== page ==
The project on “Learning Sciences and Brain Research” was launched in 1999 by the OECD’s Centre for Educational Research and Innovation (CERI).
Economic and social developments in OECD countries necessitate an ever increasing effort and investment, both personal and institutional, in education in the broad sense. Not only must individuals acquire initial training as advanced as possible in order to enhance their performance and increase their chances of entering the labour market, but once they have entered the market, they must embark upon a process of lifelong learning to preserve their position in a fiercely competitive environment. The development of the “learning society” further increases the need for individual learning. Innovation represents a major challenge for educational institutions so that nearly all previous educational models need to be sooner or later more or less revised. The only element that can be considered “stable” in an environment which is in constant evolution, is the foundation for the whole learning process – the human brain. A neuroscientific approach to learning has yet to be developed and CERI embarked on this project to explore this vast unchartered territory and to see if relevant research can better guide education policy makers as to how the learning sciences and brain research can begin to find common objectives.
The first phase of the project (1999 – 2002) was to bring together an international group of researchers to review potential implications of recent research findings in brain and learning sciences for policy-makers. This phase also aimed to increase our collective understanding of the applications of emerging cognitive neuroscience to education and, conversely, support educational researchers in posing questions of educational interest to cognitive neuroscientists.
Many different countries were involved in the first phase of the project, by way of their:
- substantial support, and/or
- financial support, and/or
- hosting of one of the meetings, and/or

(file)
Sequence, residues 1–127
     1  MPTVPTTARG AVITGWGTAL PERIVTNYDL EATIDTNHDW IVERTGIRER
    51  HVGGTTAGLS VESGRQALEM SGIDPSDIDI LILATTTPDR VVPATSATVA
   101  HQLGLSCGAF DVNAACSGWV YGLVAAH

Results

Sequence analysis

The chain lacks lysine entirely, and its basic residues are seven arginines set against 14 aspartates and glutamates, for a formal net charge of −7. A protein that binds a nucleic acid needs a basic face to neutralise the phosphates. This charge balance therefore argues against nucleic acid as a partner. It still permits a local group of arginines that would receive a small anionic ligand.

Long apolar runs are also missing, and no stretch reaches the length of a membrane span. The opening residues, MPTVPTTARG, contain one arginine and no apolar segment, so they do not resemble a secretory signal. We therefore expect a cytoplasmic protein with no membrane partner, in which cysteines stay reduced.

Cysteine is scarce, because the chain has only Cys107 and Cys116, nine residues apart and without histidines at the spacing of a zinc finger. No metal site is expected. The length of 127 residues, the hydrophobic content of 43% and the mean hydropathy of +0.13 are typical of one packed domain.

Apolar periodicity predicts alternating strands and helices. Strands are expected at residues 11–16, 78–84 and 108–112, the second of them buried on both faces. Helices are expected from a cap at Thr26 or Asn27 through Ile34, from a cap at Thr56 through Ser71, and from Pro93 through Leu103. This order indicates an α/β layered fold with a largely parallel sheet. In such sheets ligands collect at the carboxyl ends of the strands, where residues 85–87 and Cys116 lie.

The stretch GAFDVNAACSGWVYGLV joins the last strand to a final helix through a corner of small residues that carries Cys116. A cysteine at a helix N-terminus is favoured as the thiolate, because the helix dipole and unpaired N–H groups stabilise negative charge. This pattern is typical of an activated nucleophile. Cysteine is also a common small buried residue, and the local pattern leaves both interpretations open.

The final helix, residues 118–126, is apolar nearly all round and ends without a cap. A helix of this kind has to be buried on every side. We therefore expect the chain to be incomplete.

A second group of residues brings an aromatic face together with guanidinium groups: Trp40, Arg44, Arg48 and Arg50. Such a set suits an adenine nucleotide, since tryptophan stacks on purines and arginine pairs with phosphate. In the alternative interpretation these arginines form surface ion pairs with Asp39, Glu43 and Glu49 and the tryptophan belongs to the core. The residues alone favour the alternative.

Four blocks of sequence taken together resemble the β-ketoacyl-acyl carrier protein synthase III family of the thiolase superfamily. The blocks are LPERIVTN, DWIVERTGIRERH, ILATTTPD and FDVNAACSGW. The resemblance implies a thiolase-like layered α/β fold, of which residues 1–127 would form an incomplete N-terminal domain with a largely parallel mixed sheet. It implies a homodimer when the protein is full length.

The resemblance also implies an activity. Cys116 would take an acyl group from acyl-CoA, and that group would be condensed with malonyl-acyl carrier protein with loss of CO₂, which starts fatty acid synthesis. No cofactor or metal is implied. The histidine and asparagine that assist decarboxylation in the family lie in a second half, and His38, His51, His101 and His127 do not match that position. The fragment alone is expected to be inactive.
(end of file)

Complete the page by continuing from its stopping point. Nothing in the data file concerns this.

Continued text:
- representation of national experts attending the meetings.
During 2000-2001, OECD/CERI collaborated with various institutions around the world to organise three international fora. The First High Level Forum: Brain Mechanisms and Early Learning took place at the Sackler Institute, (New York, USA). The Second High Level Forum: Brain Mechanisms and Youth Learning , was hosted by the City and the University of Granada (Spain), focused on youth and classroom learning. The Third High Level Forum: Brain Mechanisms and Learning in Ageing , which took place at the RIKEN Brain Science Institute in Japan, focused on lifelong learning especially for the elderly.
The results of these fora have been synthesised into an OECD publication entitled: “Understanding the Brain: Towards a New Learning Science ”.
The project reached its second phase in 2002 and will run until 2005. To launch the second phase, The Launching Meeting of Phase II of the Learning Sciences and Brain Research Project consisting of scientists and educational researchers was held on the 29-30 April 2002 at the Royal Institution in London (United Kingdom).
Since then, three networks, each composed of a dozen scientists, educational researchers and policy makers have been put in place. These groups will focus on forming innovative groups that seek synergistic points of contact between current domains of research in cognitive and brain science on the one hand, and education practice and policy on the other. Their work will enable the development of accessible theories of expertise and aid the acquisition of fundamental competences; they may also contribute to addressing recurring educational problems and difficulties.
In order to meet the challenges of the second phase, the project has undertaken a three-dimensional approach:
- firstly, it aims to be problem focused (grounded on particular educational challenges that may be considered foundational in education),
- secondly, it aims to be trans-disciplinary (involving a wide collection of researchers from different disciplines), and,
- thirdly it aims to be international (involving researchers from many different countries and cultural backgrounds).